His sister, a mother of four, had burned herself to death to protest China's 'violent rule' in Tibetan areas.
Taken into custody by Chinese police in June, he has not been heard from since.
He follows writer Gangkye Drubpa Kyab into detention after a public display of respect to the Dalai Lama.
Gangkye Drubpa Kyab is taken into custody after attending a reception welcoming his early release from prison.
Tibetans attending the Northwest University of Nationalities in China's Gansu see themselves marginalized by new policies.
They were convicted of sending information and images of a Tibetan mother's protest to outside contacts.
Monks and nuns from Qinghai, Gansu, and Yunnan provinces are told to leave the huge religious study complex.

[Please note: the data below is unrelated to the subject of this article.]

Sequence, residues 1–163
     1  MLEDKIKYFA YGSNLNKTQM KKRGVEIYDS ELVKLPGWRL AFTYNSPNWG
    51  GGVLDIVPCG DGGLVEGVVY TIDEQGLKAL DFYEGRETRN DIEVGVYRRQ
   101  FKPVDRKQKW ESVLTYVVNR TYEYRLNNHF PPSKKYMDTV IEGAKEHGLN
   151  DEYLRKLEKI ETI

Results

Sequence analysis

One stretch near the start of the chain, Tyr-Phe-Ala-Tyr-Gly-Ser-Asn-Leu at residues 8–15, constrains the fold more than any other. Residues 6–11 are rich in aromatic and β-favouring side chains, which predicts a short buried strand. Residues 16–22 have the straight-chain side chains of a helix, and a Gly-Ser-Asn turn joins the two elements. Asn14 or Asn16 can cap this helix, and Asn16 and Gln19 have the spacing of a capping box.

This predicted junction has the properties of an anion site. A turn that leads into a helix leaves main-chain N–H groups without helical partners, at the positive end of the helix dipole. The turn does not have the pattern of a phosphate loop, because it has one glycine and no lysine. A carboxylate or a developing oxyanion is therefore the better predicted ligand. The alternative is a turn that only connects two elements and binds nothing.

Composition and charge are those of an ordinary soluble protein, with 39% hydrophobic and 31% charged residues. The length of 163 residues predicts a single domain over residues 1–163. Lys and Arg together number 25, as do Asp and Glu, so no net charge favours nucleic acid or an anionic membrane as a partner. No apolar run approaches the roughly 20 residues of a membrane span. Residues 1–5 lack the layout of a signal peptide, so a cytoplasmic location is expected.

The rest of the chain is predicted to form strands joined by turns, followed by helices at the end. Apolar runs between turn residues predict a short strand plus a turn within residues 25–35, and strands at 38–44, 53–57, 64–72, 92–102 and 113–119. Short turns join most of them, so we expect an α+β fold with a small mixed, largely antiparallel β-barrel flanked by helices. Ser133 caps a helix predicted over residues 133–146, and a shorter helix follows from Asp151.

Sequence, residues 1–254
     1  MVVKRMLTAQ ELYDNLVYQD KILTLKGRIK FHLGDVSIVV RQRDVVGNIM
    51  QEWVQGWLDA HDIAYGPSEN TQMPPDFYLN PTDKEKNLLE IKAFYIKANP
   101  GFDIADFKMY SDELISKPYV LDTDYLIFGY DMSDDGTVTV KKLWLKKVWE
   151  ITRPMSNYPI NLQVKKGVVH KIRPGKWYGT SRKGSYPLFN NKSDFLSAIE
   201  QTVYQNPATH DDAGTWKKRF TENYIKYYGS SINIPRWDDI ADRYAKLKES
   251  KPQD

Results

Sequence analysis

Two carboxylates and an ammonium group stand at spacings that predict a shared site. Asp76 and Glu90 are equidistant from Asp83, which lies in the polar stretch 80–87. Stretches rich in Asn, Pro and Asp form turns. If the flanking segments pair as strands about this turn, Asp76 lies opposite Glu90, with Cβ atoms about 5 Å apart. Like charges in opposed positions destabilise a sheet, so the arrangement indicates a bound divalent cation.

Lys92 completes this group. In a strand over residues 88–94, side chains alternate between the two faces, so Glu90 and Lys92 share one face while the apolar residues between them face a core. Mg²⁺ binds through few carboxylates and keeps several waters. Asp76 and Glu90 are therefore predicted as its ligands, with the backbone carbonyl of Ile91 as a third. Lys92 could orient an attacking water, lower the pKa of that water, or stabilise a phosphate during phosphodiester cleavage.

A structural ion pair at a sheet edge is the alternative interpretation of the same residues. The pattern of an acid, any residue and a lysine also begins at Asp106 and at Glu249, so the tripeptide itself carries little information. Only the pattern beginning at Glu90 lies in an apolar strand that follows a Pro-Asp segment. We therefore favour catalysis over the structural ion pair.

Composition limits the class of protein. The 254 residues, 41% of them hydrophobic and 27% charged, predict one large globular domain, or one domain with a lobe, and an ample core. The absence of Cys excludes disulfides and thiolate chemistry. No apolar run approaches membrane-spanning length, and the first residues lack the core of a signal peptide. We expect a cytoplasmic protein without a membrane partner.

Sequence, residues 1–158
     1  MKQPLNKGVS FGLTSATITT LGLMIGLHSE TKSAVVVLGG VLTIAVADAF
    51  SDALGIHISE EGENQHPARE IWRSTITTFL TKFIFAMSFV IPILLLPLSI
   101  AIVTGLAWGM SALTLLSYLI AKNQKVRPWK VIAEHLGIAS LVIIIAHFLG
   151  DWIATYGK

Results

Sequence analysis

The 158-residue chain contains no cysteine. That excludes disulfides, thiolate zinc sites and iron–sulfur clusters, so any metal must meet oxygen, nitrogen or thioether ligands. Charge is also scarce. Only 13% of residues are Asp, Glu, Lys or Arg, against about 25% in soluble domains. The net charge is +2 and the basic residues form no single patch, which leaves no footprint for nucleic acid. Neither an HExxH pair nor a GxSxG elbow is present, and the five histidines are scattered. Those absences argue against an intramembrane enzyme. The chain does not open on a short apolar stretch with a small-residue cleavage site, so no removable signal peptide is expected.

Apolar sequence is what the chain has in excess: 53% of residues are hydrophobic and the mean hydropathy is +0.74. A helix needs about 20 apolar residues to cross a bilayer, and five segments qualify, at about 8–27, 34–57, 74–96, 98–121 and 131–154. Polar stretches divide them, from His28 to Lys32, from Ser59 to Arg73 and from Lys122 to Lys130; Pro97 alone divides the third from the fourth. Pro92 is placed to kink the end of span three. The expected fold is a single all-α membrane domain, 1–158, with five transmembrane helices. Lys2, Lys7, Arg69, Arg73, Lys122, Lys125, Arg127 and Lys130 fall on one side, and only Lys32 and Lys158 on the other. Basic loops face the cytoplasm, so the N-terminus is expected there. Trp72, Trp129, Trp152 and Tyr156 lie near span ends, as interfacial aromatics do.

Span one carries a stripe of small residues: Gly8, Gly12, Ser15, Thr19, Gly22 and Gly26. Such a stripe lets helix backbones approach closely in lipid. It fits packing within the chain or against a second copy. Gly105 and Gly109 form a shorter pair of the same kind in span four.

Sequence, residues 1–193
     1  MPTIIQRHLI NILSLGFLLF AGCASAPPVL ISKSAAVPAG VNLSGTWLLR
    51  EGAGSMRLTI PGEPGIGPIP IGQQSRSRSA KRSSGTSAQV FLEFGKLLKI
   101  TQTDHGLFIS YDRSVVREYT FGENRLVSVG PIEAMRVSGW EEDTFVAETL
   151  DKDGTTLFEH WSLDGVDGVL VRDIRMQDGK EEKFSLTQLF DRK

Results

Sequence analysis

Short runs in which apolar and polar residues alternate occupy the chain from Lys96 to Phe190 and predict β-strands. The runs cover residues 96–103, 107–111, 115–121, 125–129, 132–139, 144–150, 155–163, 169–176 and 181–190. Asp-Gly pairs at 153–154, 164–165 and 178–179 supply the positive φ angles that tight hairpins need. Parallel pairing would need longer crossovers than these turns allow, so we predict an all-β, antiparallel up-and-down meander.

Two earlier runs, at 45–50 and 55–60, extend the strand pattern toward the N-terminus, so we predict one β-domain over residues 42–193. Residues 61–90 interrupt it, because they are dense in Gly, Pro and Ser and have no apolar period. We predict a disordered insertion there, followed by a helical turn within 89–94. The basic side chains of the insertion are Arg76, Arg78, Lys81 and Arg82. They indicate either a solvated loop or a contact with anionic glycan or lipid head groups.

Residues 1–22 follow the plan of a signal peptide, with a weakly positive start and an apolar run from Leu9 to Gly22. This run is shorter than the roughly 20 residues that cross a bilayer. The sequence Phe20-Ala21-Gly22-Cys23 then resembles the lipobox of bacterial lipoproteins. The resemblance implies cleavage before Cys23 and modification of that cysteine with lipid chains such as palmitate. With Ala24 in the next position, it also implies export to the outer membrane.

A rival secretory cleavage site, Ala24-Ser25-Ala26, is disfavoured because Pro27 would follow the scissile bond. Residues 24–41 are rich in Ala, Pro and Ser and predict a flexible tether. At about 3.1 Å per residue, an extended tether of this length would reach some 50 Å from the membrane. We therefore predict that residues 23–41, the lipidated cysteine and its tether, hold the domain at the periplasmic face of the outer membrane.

He is freed without explanation after serving more than four years for criticizing Beijing's rule in Tibetan areas.
Usually held only by monks, the event draws hundreds of nuns from seven convents in Sichuan and Qinghai.
A resolution of the dispute over Tibet's status has been hindered by separate security concerns, a Tibetan scholar says.
Both monks and laypeople take part in religious instruction and promotion of Tibetan language and culture.
He had watched a program in the prison's TV room outside permitted hours, a local source says.
He joins another Socktsang monk in custody after being seized at gunpoint in his quarters.
Sentenced for having supported a self-immolation protest, he is freed for 'good conduct' while in custody.
Described as involved only in the monastery's work, he may have been targeted for viewing news broadcast from outside areas.
He is warmly greeted at home by relatives and friends despite police warnings that no welcome should be given.
Lobsang Kelsang's family still lack information on his condition, though, and are not allowed to visit him.